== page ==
Oracle Cloud: 5 Big Challenges

Oracle now wants its customers to migrate to the cloud, but it may be too little, too late. Here's why.

Charles Babcock, Editor at Large, Cloud

November 3, 2015

4 Min Read
<p align="left">Oracle's Larry Ellison</p>

Oracle has successful open source products within its offering, such as MySQL, and is a noted contributor to the Linux Kernel Development Process through the offices of Wim Coekaerts.

It also has as its legacy the driving of the Apache Harmony programmers out of the Java Community and its iron-fisted control over Java itself. MySQL has four forked projects, an unusual number, including Web Scale SQL, backed by Facebook, Google, LinkedIn, and Twitter. Amazon is offering another fork, MariaDB, backed by Michael Widenius and other original MySQL founders, due to distrust of Oracle's MySQL stewardship.

Challenge 3. Cloud Hands Power to the Customer

Amazon keeps artfully thinking of new ways IT users can self-provision a new service in the cloud and tie it to their legacy systems. It makes it simple and cheap to do so, with recent examples being its Machine Learning Services and Data Pipe streaming service. Oracle has the technical chops to do the same, as long as it's playing catchup, but does it have the culture to invent new, user-friendly services that can be self-provisioned at the pace Amazon is demonstrating?

Oracle, since the departure of the tough but civilized Ray Lane as president in 2000, has reverted to the kind of brash and confident company that doesn't hesitate to tell customers what they're doing wrong, to conduct surprise audits and present customers with a large bill at the end of the year, and to issue "take it or leave it" ultimatums when its consultants get into a dispute with project managers. Hand off power to the customer? To some extent the Oracle culture, more than other successful businesses, has denied power to the customer and taken their money anyway. In the cloud era, it's time for a personality transplant, but that operation is not yet available.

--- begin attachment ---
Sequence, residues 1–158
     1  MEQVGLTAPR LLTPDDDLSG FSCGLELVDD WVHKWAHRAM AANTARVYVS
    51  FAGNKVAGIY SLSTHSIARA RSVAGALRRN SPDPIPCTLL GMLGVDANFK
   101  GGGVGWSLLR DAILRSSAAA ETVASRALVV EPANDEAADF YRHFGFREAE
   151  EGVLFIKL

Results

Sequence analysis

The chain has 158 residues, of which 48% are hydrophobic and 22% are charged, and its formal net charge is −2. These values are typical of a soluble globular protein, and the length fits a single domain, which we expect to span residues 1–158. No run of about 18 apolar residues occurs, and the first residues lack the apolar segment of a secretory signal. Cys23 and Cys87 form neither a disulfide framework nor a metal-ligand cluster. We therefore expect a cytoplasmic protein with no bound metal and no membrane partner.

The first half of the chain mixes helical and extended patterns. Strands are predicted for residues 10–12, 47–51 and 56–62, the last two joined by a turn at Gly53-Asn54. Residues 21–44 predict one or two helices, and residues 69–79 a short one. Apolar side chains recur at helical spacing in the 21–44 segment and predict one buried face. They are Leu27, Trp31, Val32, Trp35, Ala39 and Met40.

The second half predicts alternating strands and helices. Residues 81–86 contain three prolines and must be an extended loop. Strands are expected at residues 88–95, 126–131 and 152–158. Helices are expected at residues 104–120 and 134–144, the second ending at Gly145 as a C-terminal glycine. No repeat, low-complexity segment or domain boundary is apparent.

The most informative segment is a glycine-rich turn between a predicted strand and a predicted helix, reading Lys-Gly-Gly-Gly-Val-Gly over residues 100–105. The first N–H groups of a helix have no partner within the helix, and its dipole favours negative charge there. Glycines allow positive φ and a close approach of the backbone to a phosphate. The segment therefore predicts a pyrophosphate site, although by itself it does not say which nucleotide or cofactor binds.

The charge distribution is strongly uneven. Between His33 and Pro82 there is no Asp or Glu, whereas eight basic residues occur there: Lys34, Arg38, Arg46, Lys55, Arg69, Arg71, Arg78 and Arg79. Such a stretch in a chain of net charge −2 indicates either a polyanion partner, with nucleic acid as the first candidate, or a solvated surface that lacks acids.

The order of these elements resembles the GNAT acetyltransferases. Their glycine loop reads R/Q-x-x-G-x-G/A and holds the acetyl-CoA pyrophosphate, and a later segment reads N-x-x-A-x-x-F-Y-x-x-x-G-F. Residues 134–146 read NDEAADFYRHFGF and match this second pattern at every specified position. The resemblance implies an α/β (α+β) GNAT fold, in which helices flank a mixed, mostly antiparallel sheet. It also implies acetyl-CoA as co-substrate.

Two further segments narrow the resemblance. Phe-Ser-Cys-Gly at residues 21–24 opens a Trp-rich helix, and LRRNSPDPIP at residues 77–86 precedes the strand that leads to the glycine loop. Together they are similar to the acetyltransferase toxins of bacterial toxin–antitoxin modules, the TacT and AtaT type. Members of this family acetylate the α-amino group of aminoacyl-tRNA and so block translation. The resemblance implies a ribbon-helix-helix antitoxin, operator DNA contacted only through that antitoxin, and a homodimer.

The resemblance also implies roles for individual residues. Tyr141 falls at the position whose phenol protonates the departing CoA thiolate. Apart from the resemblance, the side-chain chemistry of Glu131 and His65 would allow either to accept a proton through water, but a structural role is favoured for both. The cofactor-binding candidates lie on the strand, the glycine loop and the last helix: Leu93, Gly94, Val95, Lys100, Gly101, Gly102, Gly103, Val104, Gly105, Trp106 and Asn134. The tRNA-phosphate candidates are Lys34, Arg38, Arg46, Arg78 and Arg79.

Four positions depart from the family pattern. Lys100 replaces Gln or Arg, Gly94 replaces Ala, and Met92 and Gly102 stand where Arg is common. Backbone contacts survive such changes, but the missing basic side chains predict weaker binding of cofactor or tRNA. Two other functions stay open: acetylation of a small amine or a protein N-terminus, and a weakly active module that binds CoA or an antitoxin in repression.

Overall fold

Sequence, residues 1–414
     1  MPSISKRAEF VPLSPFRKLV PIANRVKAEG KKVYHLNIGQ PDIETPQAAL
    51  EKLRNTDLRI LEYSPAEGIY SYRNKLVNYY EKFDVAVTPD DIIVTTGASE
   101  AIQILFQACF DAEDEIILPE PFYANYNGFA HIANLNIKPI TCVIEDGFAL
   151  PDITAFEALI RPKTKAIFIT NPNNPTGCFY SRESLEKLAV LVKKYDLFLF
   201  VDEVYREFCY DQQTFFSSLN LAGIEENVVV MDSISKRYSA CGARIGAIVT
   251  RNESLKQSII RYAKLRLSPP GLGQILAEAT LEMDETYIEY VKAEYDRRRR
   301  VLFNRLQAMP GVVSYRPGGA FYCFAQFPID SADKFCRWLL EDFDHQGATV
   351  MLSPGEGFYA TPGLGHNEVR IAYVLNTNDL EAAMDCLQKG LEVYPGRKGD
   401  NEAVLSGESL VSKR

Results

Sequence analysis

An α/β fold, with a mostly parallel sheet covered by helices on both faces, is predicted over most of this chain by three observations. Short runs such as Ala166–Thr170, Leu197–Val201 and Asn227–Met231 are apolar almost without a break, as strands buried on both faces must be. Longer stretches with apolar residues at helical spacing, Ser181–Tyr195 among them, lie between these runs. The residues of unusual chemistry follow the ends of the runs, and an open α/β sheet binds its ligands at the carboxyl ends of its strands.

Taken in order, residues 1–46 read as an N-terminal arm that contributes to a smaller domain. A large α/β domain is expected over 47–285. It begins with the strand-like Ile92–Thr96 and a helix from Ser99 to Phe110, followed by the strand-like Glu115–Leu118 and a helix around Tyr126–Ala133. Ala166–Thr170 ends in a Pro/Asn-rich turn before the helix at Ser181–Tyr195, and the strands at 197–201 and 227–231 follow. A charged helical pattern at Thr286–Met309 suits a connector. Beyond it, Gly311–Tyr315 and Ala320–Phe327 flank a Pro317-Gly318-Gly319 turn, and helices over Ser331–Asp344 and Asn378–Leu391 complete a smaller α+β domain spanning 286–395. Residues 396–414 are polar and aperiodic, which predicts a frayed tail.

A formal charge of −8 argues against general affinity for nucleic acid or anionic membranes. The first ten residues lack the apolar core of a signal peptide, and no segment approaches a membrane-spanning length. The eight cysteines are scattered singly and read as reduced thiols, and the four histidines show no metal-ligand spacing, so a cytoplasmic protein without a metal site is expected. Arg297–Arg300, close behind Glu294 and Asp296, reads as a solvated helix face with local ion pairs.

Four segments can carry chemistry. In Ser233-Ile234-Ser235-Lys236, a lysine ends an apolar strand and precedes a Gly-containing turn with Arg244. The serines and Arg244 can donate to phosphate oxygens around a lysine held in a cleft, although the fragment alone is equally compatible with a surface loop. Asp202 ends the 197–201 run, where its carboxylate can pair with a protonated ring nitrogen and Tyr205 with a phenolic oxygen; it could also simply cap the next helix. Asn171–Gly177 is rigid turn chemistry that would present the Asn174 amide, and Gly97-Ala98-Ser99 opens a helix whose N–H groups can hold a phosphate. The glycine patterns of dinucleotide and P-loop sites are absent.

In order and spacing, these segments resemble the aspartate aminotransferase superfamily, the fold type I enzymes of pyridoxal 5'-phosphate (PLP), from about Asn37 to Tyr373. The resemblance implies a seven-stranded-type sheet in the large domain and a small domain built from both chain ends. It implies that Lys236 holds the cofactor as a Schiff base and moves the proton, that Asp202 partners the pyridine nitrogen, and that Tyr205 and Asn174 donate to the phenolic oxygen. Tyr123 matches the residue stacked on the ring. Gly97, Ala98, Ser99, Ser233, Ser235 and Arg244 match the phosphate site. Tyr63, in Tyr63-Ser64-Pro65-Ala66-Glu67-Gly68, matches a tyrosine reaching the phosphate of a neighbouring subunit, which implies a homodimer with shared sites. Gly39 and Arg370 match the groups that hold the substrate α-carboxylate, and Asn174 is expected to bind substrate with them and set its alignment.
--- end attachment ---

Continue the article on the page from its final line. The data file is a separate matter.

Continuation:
Challenge 4. Cloud Is Commodity Hardware

Oracle is counting on a dual hardware cloud, and only IBM has tried this, mixing x86 with Power servers for its large Power customer base. Oracle predicts the cloud market will be a consumer of its Sparc chips. It has invested in a breakthrough, highly secure design for its M7 chip. Executive VP John Fowler said the cloud represents a new opportunity for Oracle to find a larger market for Sparc, not only in servers sold for enterprises on-premises, but also in the thousands that will be needed in Oracle Cloud data centers. This indeed would be a new market, provided Oracle customers wish to convert to Solaris or keep running Solaris in the cloud as well as on-premises.

Oracle must convince them to do so at a time when the x86 cloud is proving more secure than many critics expected. A well-managed, highly uniform, and controlled x86 environment appears to be secure enough for many of today's cloud users.

Oracle faces an uphill fight in the conversion battle. It must convince enough customers to adopt Sparc, based on the new security features, before Intel finds a way to duplicate or match them in some future generation of Xeon chips, which would render the Oracle advantage moot. Superior Oracle hardware -- and right now, the M7 is a dazzlingly capable chip -- must be something other than the lowest-cost commodity hardware on the market. But so far the cloud has been a ruthlessly commodity construct. Solaris already is available in the cloud. Just ask Joyent. But it hasn't set the world afire. Can Oracle Solaris plus M7? We'll see.

Challenge 5. Cloud Is Credible

The whole relationship between the cloud provider and consumer is based on a high degree of trust. It is an agreement that invokes connections between remote data centers, credit card accounts, workloads that must self-provision, and two parties that must work on technical support far apart from each other. The respective data center managers may never even meet. Amazon has mastered this relationship, and Google and Microsoft show every sign of doing so. But if you're expecting the kind of cloud I've described, will you get it from Oracle? Only Oracle customers can answer that question.

Consider another question: Would you have bought Linux from former Microsoft chief Steve Ballmer? Ballmer dissed Linux and open source as "a cancer" and insisted Linux was violating Microsoft patents. If Ballmer were still at Microsoft, would customers be sending their Linux workloads to run on Azure the way they're starting to under Satya Nadella? Somehow, it seems to me that the Oracle Cloud is going to require more of a change than Larry Ellison changing his mind.

About the Author(s)

Charles Babcock

Editor at Large, Cloud

Charles Babcock is an editor-at-large for InformationWeek and author of Management Strategies for the Cloud Revolution, a McGraw-Hill book. He is the former editor-in-chief of Digital News, former software editor of Computerworld and former technology editor of Interactive Week. He is a graduate of Syracuse University where he obtained a bachelor's degree in journalism. He joined the publication in 2003.

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